Difference between revisions of "Vertex Command"

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:{{example|1=<br>
 
:{{example|1=<br>
 
:*<code>Vertex[(x + y < 3) && (x - y > 1)]</code> returns point ''A = (2, 1)''.
 
:*<code>Vertex[(x + y < 3) && (x - y > 1)]</code> returns point ''A = (2, 1)''.
:*<code>{Vertex[(x + y < 3) ∧ (x - y > 1) && (y > - 2)]}</code> returns list ''list1 = {(2, 1), (5, -2), (-1, -2)}''.
+
:*<code>{Vertex[(x + y < 3) ∧ (x - y > 1) && (y > - 2)]}</code> returns ''list1 = {(2, 1), (5, -2), (-1, -2)}''.
 
:*<code>Vertex[(y > x²) ∧ (y < x)]</code>  returns two points ''A = (0, 0)'' and ''B = (1, 1)''.
 
:*<code>Vertex[(y > x²) ∧ (y < x)]</code>  returns two points ''A = (0, 0)'' and ''B = (1, 1)''.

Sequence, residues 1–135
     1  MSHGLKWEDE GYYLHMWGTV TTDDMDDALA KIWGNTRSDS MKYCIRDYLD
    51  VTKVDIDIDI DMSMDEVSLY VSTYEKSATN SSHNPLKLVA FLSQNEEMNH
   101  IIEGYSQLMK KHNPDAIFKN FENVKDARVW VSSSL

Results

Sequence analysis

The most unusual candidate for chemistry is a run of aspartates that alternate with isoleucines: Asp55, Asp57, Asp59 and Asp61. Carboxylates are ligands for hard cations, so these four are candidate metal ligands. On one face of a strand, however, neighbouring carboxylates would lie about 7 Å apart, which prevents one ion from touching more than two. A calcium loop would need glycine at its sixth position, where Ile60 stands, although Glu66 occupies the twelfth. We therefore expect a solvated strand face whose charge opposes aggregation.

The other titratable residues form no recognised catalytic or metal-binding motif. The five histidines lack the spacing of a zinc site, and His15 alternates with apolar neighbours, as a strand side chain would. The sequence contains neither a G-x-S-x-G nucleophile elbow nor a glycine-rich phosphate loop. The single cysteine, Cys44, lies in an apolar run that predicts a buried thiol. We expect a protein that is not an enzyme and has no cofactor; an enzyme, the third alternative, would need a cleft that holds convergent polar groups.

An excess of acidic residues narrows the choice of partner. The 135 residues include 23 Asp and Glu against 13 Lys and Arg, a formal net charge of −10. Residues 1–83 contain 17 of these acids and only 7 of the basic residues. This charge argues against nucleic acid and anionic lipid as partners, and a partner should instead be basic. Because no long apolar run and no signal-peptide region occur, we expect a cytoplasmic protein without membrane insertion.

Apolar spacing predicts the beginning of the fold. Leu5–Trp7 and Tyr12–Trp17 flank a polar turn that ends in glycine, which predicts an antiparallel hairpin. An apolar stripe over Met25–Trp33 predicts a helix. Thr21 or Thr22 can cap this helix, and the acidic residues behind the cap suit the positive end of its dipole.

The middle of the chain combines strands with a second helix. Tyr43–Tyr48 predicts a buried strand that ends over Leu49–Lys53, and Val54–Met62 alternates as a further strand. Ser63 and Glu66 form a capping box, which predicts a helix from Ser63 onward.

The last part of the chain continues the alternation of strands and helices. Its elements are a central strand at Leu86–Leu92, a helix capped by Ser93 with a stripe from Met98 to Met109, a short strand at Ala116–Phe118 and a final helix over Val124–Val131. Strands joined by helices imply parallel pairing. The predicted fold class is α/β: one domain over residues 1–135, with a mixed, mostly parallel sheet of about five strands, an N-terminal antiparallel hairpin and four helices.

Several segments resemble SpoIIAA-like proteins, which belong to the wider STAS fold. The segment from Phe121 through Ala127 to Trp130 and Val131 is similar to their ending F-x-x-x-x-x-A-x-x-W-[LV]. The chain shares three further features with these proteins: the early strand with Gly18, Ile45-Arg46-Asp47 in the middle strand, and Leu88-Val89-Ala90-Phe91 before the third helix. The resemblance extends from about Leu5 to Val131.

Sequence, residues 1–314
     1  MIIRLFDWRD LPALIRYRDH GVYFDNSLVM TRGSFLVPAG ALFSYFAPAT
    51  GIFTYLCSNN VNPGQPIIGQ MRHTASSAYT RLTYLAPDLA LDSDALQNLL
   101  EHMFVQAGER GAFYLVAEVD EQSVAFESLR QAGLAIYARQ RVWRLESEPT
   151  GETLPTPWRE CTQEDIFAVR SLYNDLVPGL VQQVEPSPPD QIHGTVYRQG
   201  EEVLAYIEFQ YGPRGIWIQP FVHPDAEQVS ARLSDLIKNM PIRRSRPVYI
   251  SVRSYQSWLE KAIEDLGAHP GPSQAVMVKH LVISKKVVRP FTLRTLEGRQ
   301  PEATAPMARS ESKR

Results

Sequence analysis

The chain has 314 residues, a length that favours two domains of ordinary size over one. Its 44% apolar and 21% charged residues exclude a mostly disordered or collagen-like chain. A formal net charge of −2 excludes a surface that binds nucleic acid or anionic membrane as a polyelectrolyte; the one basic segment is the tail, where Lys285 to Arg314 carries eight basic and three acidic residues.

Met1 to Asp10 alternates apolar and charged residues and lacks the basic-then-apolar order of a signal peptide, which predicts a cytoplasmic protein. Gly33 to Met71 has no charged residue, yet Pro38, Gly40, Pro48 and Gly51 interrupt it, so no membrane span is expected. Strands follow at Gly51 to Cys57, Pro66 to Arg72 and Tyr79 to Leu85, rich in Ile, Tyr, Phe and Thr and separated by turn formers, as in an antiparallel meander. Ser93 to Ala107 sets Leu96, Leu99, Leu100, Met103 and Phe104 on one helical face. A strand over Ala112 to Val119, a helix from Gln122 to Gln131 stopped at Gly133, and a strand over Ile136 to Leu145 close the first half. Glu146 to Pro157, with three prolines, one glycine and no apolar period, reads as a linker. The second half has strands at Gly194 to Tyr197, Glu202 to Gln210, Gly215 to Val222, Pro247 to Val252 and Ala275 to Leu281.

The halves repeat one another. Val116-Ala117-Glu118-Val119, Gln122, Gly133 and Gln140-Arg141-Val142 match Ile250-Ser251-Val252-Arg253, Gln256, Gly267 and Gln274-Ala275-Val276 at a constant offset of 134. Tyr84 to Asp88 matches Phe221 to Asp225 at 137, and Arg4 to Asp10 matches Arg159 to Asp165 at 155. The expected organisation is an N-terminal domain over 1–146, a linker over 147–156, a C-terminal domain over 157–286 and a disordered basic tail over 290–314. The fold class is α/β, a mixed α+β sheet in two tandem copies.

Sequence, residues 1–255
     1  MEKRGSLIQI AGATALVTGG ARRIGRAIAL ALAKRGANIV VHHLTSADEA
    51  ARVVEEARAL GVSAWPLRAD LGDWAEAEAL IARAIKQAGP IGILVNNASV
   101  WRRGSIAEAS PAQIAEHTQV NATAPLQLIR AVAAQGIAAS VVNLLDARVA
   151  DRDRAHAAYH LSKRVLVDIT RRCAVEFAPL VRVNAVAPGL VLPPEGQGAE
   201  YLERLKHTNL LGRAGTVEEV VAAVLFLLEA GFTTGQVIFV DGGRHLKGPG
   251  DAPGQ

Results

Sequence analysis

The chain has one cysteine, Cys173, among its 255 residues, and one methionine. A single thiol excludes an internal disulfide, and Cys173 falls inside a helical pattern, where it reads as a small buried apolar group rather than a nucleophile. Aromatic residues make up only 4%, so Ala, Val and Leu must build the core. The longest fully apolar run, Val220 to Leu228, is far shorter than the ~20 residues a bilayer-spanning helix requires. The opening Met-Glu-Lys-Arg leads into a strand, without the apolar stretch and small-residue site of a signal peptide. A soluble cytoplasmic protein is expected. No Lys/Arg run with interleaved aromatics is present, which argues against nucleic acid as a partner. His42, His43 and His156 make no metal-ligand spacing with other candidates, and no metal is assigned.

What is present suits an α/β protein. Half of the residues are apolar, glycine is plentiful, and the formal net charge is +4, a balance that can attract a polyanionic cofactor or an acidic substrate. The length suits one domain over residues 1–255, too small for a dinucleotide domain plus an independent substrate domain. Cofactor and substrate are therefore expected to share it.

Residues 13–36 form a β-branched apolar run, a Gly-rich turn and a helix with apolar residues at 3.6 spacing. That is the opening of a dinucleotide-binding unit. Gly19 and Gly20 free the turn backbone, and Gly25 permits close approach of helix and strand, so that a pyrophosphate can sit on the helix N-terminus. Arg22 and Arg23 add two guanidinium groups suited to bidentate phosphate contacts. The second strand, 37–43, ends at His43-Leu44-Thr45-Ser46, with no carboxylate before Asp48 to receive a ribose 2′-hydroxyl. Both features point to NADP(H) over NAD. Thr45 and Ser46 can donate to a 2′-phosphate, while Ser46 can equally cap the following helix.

:*<code>{Vertex[(y > x²) ∧ (y < x)]}</code> returns list  ''list1 = {(0, 0), (1, 1)}''.}}
+
:*<code>{Vertex[(y > x²) ∧ (y < x)]}</code> returns ''list1 = {(0, 0), (1, 1)}''.}}
  
  

Revision as of 10:19, 12 July 2013



Vertex[ <Conic> ]
Returns (all) vertices of the conic section.


Vertex[ <Inequality> ]
Returns the points of intersection of the borders.
Example:
  • Vertex[(x + y < 3) && (x - y > 1)] returns point A = (2, 1).
  • {Vertex[(x + y < 3) ∧ (x - y > 1) && (y > - 2)]} returns list1 = {(2, 1), (5, -2), (-1, -2)}.
  • Vertex[(y > x²) ∧ (y < x)] returns two points A = (0, 0) and B = (1, 1).
  • {Vertex[(y > x²) ∧ (y < x)]} returns list1 = {(0, 0), (1, 1)}.


Vertex[ <Polygon> ]
Returns (all) vertices of the polygon.


Vertex[ <Polygon>, <Index> ]
Returns n-th vertex of the polygon.
Note: To get vertices of the polygon / conic as list, use {Vertex[t]}.
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